Reading the Sunday editorials, I was struck by the gratuitous insults using a single modifier, usually an adjective. It started with a George Will essay using "gimmick" and "pandering," an easy way to slap down whatever liberal position he focused on. It's easy and frustrating to the injured party. No facts necessary to back up the position, just a categorical statement of disapproval. Why bother to prove a point, when a simple adjective will do the trick? Drop in "bogus," "money grab," "washed-up," "death [whatever: tax, panel, squad]," "big government ______," "billionaire ______." Anyone can do it, about virtually any disagreement. Religious conversations can turn quickly to "Satan," military to "cowardly," politics to "unworthy rich" or "unworthy poor," depending on which party. Ditto for "wasteful spending" versus "blood sucking bankers;" plus "betraying the Constitution" (especially Second Amendment on this one).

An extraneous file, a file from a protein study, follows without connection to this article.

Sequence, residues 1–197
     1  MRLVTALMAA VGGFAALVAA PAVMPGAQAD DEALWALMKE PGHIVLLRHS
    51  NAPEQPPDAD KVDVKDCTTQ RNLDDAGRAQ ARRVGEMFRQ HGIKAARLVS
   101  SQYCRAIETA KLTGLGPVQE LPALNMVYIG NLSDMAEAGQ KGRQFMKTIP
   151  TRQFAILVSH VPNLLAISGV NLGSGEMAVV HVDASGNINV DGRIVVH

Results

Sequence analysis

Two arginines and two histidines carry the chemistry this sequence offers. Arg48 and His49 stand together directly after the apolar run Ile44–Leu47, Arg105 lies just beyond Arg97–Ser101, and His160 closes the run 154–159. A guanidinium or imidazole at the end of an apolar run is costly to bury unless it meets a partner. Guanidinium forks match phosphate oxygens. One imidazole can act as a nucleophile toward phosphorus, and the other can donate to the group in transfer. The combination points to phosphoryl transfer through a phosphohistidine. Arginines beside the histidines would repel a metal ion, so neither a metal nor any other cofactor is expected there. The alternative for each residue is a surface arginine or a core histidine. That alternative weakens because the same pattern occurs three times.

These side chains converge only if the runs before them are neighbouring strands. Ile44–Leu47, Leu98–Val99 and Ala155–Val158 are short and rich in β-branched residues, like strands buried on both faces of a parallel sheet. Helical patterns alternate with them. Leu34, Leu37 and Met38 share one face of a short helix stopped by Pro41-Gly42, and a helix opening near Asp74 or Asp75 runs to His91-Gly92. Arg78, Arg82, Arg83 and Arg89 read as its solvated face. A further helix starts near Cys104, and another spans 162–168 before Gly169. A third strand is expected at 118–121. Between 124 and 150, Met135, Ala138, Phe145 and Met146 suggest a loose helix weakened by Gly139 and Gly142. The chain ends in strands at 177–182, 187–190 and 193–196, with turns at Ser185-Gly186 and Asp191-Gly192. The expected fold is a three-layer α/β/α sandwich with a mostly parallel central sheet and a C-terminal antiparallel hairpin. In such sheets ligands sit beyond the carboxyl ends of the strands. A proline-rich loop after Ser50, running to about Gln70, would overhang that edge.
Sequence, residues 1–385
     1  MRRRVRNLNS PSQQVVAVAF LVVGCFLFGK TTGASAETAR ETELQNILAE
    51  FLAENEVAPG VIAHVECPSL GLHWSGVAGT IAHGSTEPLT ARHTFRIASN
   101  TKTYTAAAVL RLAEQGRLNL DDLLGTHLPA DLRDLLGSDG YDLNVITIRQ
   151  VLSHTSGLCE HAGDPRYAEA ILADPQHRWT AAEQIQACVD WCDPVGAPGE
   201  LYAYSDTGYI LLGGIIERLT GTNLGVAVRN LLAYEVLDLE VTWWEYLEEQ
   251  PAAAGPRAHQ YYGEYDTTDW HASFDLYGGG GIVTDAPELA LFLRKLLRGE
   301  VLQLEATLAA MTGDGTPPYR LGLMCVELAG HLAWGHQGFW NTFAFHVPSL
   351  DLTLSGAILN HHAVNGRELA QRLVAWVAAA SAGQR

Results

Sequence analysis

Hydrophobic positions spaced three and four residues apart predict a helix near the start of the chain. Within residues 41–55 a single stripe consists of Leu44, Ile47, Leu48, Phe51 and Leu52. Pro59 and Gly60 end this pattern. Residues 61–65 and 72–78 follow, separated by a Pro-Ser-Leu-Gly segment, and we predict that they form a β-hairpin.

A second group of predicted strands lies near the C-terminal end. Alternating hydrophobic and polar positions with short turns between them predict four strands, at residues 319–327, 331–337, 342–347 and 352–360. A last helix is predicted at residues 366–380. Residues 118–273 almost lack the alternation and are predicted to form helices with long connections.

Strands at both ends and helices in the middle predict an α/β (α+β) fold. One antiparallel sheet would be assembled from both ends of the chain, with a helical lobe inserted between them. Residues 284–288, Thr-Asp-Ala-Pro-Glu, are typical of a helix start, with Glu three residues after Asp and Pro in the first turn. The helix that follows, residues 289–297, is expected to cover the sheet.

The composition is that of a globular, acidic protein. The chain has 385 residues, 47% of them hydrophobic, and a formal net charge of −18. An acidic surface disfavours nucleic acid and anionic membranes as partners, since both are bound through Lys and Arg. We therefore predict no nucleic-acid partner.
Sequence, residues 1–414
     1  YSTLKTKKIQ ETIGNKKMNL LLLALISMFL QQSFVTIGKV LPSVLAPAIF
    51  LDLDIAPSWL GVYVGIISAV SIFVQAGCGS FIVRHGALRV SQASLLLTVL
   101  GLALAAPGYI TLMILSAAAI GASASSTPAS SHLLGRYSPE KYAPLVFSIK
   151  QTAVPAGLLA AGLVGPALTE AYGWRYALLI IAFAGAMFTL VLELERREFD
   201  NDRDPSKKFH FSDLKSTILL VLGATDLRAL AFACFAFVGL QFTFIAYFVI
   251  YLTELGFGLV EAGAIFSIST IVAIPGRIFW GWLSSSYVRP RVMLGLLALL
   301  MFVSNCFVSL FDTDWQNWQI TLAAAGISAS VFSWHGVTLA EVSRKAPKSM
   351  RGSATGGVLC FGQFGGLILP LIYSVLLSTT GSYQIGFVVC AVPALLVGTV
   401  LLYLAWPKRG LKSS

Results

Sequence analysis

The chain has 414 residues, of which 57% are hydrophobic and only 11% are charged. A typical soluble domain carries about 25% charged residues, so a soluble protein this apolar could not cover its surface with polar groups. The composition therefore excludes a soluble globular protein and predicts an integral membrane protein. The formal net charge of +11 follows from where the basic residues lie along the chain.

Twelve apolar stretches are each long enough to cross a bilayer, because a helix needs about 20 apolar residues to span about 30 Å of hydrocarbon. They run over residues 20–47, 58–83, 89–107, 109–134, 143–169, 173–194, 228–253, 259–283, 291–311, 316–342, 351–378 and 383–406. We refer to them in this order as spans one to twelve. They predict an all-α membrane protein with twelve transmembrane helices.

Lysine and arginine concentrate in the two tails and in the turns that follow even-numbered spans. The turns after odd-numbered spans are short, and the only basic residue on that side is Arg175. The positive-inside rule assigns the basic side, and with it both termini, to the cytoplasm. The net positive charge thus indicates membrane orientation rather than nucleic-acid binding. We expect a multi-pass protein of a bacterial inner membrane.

I don't think I drop to this level of unnecessary insults and I will try harder to not use them (with the possible exception of counter-punching an habitual practitioner). Making an actual case for a position based on research seems a required approach for a moderate position.
Adding additional insulting adjectives might be useful, although it may serve as a future reference for practitioners. Instead I'll be adding examples and why I believe they are offensive. Presumably, the Sunday columnists will refer to their insult thesaurus and I'll be on guard.
We have a current president that uses this and similar techniques to insult ... well, almost everyone. Of course he has a rabid following presumably of extremists that expect exactly this kind of insults. Why rely on facts (Trump is over 12,000 false and misleading statements according to the Washington Post) when a single "sleepy," "lazy," "sham," "witch hunt," "deep state," "hoax," "partisan attack," or "stupid" will get a standing ovation.